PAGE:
In a Historic First, the Chicago Teachers Union and Charter School Teachers Have Joined Forces

Jeff Schuhrke February 1, 2018

The merger is good news for unionized teachers and bad news for privatization advocates. (John Gress/Corbis via Getty Images)

With the approval of a his­toric union merg­er, teach­ers in Chica­go are posi­tion­ing them­selves to mount a greater chal­lenge to pri­va­ti­za­tion and austerity.

On Mon­day, the Chica­go Teach­ers Union (CTU) announced that its mem­bers had vot­ed in favor of amal­ga­mat­ing with the Chica­go Alliance of Char­ter Teach­ers and Staff (Chi­ACTS), which, since 2009, has orga­nized about 1,000 edu­ca­tors at over 30 char­ter school campuses.

While coop­er­a­tion between union­ized edu­ca­tors at char­ters and dis­trict schools in the Unit­ed States is com­mon, this is the first known case in which teach­ers from both types of schools have merged into a sin­gle union local.

The move was approved by 70 per­cent of vot­ing mem­bers, accord­ing to the CTU. In a sim­i­lar vote last June, 84 per­cent of Chi­ACTS mem­bers endorsed the merger.

These results are the out­come of a lengthy dia­logue among mem­bers,” CTU Vice Pres­i­dent Jesse Sharkey said in a state­ment. We’ve declared that we’re stronger togeth­er in one big union. We’ve embraced our com­mon strug­gle to sup­port our work­ers, our stu­dents, their par­ents and our neighborhoods.”

Edu­ca­tors in dis­trict and char­ter school share the same chal­lenges and the same com­mit­ment to our stu­dents and the pub­lic good,” said Chi­ACTS Pres­i­dent Chris Baehrend. Togeth­er we can more effec­tive­ly fight for more fair, more equi­table fund­ing for our stu­dents and their needs, espe­cial­ly for our under­served Black and Brown stu­dents and their families.”

Illi­nois Net­work of Char­ter Schools Pres­i­dent Andrew Broy — who laments that Chica­go has become the epi­cen­ter of char­ter union orga­niz­ing in the coun­try”— attacked the merg­er as a pow­er grab” and hos­tile takeover” by the CTU, despite the thumbs-up by a major­i­ty of Chi­ACTS members.

Lead­ers of both union locals say they don’t have a prob­lem with char­ter schools per se, but rather they oppose the pro­lif­er­a­tion of the char­ter sys­tem of man­age­ment, where pri­vate com­pa­nies admin­is­ter schools with pub­lic money.

Char­ter schools are here; they’re not going any­where,” CTU Pres­i­dent Karen Lewis explained when the merg­er was first pro­posed last spring. It’s the man­age­ment com­pa­nies we have the issues with, not the char­ter teach­ers, not the stu­dents, not the parents.”

Baehrend told In These Times last year that pri­vate man­age­ment com­pa­nies rep­re­sent an extra lay­er of unac­count­able bureau­cra­cy” in char­ter schools, block­ing teach­ers from the resources we need in our class­rooms.” Char­ter pro­lif­er­a­tion does not help the char­ter schools that already exist,” he con­tin­ued. It actu­al­ly spreads the pot of mon­ey more thin­ly,” lead­ing to bud­get cuts, lay­offs and low­er enrollments.

Over the past two decades, Chica­go has seen a dra­mat­ic expan­sion in the num­ber of char­ters, while dis­trict schools have been sys­tem­at­i­cal­ly under­fund­ed and shut down. In 2013, May­or Rahm Emanuel presided over the shut­ter­ing of 50 schools, one of the largest mass school clos­ings in history.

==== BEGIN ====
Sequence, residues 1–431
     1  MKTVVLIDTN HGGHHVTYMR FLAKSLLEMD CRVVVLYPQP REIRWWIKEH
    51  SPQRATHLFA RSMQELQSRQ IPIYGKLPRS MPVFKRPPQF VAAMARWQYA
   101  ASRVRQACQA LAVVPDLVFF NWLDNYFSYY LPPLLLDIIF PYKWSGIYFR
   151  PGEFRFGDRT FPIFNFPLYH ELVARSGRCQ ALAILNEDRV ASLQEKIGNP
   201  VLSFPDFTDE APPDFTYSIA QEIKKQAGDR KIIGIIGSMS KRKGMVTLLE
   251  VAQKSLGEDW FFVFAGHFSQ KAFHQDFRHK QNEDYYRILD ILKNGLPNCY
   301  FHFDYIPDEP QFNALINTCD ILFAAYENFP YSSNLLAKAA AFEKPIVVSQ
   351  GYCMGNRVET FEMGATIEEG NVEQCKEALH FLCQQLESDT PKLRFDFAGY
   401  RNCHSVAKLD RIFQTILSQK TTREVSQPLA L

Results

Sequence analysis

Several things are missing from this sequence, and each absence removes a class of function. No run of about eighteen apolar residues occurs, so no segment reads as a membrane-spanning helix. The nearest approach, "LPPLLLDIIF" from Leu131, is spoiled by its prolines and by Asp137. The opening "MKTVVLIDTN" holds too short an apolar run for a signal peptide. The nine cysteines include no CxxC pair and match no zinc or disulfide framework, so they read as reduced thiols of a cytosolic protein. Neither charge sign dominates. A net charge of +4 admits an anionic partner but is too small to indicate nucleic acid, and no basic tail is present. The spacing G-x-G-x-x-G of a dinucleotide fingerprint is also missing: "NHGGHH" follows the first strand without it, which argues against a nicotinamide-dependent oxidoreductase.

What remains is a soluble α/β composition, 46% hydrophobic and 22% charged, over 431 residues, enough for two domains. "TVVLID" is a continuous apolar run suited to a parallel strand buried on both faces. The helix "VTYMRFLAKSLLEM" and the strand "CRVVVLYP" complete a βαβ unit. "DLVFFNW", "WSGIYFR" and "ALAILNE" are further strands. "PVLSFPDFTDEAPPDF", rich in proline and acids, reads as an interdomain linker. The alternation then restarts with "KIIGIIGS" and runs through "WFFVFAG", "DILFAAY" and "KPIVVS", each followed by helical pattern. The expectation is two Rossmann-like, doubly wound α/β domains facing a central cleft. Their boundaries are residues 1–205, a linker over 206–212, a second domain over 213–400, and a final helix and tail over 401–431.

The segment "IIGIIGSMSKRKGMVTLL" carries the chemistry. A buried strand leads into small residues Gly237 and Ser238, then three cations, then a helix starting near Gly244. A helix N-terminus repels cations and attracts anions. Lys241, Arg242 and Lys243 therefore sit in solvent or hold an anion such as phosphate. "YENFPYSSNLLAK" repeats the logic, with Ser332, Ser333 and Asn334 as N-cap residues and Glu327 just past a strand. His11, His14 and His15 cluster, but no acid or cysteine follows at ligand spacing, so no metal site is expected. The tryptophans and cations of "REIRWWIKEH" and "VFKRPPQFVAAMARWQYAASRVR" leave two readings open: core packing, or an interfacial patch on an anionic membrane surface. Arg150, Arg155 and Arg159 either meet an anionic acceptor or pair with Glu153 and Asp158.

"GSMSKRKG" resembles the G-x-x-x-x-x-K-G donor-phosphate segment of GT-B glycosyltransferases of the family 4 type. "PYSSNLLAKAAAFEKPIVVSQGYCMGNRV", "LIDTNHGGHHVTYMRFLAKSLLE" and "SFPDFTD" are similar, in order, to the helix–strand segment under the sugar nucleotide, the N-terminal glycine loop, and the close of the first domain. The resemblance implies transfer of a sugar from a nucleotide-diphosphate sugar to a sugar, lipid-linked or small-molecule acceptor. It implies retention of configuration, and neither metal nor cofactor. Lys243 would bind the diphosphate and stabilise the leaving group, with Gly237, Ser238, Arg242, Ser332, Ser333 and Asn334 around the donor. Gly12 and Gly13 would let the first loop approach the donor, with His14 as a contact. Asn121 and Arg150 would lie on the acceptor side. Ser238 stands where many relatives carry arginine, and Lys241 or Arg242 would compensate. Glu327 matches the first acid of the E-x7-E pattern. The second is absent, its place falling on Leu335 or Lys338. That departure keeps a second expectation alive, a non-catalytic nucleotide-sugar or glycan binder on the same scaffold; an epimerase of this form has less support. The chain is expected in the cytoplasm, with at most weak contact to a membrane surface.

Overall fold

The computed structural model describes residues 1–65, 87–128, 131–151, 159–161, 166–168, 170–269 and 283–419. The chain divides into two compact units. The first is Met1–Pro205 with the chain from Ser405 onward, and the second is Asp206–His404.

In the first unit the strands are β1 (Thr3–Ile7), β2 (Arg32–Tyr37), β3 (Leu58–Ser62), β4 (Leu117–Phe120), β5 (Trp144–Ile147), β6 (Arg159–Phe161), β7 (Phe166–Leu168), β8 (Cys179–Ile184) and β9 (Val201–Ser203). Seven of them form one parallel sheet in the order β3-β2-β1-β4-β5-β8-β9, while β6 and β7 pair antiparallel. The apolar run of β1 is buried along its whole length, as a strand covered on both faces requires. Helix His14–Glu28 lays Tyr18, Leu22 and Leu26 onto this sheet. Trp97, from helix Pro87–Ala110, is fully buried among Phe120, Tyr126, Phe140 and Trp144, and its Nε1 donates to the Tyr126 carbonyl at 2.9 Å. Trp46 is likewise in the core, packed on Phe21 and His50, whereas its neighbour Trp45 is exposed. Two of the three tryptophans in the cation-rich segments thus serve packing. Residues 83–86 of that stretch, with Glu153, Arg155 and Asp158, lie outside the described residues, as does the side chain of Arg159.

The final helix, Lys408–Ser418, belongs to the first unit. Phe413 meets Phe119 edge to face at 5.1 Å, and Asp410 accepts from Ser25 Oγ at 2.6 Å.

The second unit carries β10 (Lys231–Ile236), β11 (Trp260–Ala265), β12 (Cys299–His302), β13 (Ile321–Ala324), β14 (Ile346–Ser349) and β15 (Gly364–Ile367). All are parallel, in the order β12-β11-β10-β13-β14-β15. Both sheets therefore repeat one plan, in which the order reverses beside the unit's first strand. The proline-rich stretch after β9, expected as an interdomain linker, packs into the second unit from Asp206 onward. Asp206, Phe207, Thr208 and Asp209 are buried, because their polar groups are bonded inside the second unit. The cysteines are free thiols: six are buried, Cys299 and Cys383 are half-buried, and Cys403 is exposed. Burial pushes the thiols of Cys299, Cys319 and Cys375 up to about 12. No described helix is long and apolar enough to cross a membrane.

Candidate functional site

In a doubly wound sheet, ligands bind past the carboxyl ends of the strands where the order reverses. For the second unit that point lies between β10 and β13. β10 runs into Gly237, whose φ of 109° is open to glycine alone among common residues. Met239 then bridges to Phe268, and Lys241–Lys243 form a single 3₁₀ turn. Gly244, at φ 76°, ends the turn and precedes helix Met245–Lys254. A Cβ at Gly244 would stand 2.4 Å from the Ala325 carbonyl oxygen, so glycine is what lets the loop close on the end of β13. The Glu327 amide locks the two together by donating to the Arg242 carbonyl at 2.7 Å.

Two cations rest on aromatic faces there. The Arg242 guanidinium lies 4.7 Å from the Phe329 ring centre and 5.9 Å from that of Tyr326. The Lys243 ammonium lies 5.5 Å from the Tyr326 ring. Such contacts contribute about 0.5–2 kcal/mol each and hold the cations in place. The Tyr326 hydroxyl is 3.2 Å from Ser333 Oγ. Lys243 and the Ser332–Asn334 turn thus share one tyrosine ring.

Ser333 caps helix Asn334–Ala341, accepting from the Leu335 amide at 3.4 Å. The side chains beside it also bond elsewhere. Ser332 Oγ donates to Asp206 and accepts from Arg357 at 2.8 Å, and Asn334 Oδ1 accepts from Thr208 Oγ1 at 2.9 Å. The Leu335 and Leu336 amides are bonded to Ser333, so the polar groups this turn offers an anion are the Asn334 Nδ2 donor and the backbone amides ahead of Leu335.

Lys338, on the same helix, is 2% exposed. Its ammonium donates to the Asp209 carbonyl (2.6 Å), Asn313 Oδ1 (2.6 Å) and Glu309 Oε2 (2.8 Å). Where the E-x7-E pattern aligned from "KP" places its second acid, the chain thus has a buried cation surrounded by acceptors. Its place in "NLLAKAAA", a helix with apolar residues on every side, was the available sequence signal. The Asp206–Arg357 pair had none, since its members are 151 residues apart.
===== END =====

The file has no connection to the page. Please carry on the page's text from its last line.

More recent­ly, Emanuel announced plans to close four dis­trict schools in the city’s pre­dom­i­nate­ly African-Amer­i­can neigh­bor­hood of Engle­wood, a move the CTU is cur­rent­ly fighting.

Union lead­ers hope that by orga­niz­ing teach­ers and staff at char­ter schools, and giv­ing them a voice to advo­cate for more resources through col­lec­tive bar­gain­ing, the char­ter mod­el will become less attrac­tive to investors and pub­lic officials.

Between Octo­ber 2016 and May 2017, Chi­ACTS mem­bers vot­ed over­whelm­ing­ly to strike at three dif­fer­ent schools in order to win fair con­tracts. Each time, the work stop­pages were nar­row­ly avert­ed by last-minute agree­ments with management.

The local is cur­rent­ly run­ning cam­paigns to union­ize teach­ers and staff at Namaste Char­ter School on Chicago’s South Side and at Noble — a net­work of 18 char­ter high schools spread across the city. If the lat­ter is suc­cess­ful­ly orga­nized, it would be the largest union­ized char­ter sys­tem in the country.

Mean­while, in its most recent con­tract, approved in Novem­ber 2016, the CTU suc­cess­ful­ly nego­ti­at­ed a cap on the open­ing of new char­ters schools.

As laid out by a ser­vice agree­ment signed in 2015, the CTU already assists Chi­ACTS with con­tract nego­ti­a­tions, and mem­bers of both locals have fre­quent­ly sup­port­ed one anoth­er at ral­lies and on pick­et lines.

With the uni­fi­ca­tion of the two unions into a sin­gle local, Chi­ACTS mem­bers will main­tain their exist­ing con­tracts with char­ter schools and will elect rep­re­sen­ta­tives to the CTU’s House of Del­e­gates and Exec­u­tive Board.

Sharkey says the merg­er isn’t a mag­ic bul­let, but it does might­i­ly strength­en our hand against char­ter oper­a­tors,” mak­ing teach­ers bet­ter pre­pared to chal­lenge Rahm, Rauner and Trump when they attack pub­lic edu­ca­tion and its workers.”

Jeff Schuhrke has been a Work­ing In These Times con­trib­u­tor since 2013. He has a Ph.D. in His­to­ry from the Uni­ver­si­ty of Illi­nois at Chica­go and a Master’s in Labor Stud­ies from UMass Amherst. Fol­low him on Twit­ter: @JeffSchuhrke

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